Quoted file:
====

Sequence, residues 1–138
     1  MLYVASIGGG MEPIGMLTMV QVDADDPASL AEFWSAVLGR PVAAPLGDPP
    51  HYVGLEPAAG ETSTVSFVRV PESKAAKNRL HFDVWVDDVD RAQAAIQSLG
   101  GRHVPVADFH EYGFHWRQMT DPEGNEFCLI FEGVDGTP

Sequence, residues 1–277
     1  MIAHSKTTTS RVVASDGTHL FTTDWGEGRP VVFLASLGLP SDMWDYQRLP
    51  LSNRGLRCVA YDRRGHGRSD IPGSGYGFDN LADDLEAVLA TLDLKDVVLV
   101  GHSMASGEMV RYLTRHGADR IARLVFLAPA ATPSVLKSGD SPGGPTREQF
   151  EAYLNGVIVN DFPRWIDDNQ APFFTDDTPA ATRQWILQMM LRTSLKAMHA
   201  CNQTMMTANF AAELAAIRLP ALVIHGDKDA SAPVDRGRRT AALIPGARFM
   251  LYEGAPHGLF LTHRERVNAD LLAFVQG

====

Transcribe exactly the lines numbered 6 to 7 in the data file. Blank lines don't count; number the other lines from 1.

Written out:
     1  MIAHSKTTTS RVVASDGTHL FTTDWGEGRP VVFLASLGLP SDMWDYQRLP
    51  LSNRGLRCVA YDRRGHGRSD IPGSGYGFDN LADDLEAVLA TLDLKDVVLV